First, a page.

Demand Media Threatens Critic Blog
from the are-these-lawyers-stupid? dept
However, since then, we still hear about such legal threats all the time. Apparently there are still a lot of lawyers out there who haven't received the message. The latest apparently is Demand Media, the content farm giant. Its lawyers sent a cease & desist and a takedown to Demand Studio Sucks.
Rather than a full legal threat against the site, it was focused on the fact that some users on the site had apparently uploaded a presentation in the forums, which Demand considered to be proprietary. Thus, the basis of the takedown was that it violated the company's copyrights and trademark. It appears that DSS's ISP overreacted and rather than taking down the specific content, took down the entire forum. Of course, all this has done is drive much more attention to the content Demand wants removed: a presentation slide showing how Demand is trying to increase quality (now that Google has changed its algorithm to punish crappy quality content that Demand has been associated with in the past).
Demand's lawyers claim:
Demand Media has not granted you any license to use the Demand Media trademark, to publish or copy Demand Media copyrighted content, or to publicize Demand Media’s confidential and proprietary business information. Accordingly, in addition to violating Demand Media’s intellectual property rights in the referenced materials, the postings are disruptive, damaging and harmful to our business practices and reputation.The intellectual property claims seem totally unfounded. There's no trademark claim. There's no consumer confusion or dilution here at all. No one thinks that DSS is "endorsed" by Demand Media. The copyright claim is dubious. Looking at the blog post in question, I can't see how it's not fair use. It's showing a single slide from a presentation that's certainly relevant, and providing significant commentary on that slide.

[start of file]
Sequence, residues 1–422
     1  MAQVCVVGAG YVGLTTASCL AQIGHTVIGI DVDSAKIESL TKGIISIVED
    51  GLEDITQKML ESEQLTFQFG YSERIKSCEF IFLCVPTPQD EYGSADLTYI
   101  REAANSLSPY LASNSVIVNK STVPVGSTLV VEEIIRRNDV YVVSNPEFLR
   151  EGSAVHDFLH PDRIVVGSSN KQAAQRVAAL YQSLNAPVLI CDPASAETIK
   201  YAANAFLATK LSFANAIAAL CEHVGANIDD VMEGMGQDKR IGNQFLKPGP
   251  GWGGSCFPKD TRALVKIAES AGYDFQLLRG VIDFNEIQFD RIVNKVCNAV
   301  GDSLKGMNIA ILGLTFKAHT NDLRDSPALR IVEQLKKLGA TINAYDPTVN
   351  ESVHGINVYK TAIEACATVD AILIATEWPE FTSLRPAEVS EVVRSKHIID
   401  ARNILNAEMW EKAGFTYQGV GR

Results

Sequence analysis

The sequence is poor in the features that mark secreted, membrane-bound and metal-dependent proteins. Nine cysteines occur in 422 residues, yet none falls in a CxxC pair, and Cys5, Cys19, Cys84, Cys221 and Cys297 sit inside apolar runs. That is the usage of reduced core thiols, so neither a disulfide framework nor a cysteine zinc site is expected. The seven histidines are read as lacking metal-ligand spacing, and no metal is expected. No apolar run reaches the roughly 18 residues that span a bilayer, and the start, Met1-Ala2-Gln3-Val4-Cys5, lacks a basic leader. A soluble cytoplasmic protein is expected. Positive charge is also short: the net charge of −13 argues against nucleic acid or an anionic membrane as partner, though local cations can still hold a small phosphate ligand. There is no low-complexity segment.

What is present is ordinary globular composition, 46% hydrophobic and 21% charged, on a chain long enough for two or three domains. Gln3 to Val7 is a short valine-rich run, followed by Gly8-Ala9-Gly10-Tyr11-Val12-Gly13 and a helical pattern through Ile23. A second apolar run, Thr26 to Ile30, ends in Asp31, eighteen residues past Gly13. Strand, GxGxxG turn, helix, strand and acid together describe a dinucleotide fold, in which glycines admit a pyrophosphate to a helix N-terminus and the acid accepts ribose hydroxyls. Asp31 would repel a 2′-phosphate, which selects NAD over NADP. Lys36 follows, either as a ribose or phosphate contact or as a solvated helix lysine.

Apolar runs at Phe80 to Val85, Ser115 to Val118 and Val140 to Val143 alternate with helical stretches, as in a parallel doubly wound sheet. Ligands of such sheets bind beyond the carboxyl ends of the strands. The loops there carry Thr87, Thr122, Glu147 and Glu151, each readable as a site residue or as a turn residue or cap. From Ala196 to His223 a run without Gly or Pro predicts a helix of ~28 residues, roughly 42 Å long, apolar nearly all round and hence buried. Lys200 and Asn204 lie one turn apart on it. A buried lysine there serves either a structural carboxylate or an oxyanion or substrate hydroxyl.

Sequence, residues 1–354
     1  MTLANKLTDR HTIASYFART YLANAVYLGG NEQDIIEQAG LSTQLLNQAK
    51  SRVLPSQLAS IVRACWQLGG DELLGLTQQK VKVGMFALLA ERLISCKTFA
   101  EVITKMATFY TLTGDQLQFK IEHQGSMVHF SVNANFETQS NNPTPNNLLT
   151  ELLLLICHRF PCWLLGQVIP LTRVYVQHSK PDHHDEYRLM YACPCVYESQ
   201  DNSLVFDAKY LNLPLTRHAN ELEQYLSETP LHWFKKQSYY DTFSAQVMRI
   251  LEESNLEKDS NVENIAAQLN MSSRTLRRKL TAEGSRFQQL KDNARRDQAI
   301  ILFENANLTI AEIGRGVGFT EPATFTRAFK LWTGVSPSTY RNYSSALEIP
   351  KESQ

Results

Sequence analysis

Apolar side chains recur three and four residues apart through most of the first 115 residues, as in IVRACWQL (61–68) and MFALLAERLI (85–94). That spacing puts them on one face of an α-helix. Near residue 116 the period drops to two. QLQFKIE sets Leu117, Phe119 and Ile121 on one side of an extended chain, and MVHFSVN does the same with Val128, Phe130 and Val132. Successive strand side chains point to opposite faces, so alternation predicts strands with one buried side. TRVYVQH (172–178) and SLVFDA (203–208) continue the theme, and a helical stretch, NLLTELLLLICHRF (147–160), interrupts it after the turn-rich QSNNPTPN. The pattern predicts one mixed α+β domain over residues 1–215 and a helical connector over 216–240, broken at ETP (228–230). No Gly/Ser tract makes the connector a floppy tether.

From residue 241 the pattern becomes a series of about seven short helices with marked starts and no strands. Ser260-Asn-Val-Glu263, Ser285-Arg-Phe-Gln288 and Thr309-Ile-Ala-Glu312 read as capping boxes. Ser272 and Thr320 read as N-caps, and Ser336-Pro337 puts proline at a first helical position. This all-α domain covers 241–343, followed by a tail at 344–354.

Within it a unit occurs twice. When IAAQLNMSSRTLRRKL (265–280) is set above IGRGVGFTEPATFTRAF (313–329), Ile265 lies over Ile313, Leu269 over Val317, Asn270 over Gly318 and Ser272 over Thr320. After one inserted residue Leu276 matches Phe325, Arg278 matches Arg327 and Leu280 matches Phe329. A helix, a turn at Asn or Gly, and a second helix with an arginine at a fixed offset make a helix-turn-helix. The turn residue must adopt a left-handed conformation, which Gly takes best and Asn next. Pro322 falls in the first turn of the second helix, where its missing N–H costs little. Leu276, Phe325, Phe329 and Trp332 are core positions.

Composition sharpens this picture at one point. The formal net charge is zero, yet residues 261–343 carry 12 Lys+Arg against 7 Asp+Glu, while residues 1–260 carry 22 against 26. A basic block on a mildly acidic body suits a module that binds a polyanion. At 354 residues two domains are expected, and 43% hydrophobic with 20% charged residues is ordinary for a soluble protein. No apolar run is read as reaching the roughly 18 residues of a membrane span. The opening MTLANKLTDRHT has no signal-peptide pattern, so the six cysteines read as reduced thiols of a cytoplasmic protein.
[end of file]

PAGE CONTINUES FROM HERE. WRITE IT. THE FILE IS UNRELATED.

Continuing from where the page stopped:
The "damaging and harmful to our business practices and reputation" claims are also pretty dubious, though I guess there could be some random state law claims they're thinking they could use here. But, I just don't see it. Someone reporting critically on your business may be disruptive and damaging, but is not illegal. And, honestly, the slide presentation in question is hardly some giant corporate secret. The slide is so bland and pointless and corporatey, it doesn't really give away anything.
Honestly, it's hard to believe anyone thought it was a wise move to go after DSS this way. It just gets them more attention and makes Demand look petty and silly. It's no surprise that the Forbes coverage of this story (the original link above) highlights that this happened at the same time as Demand's valuation dropped under $1 billion for the first time....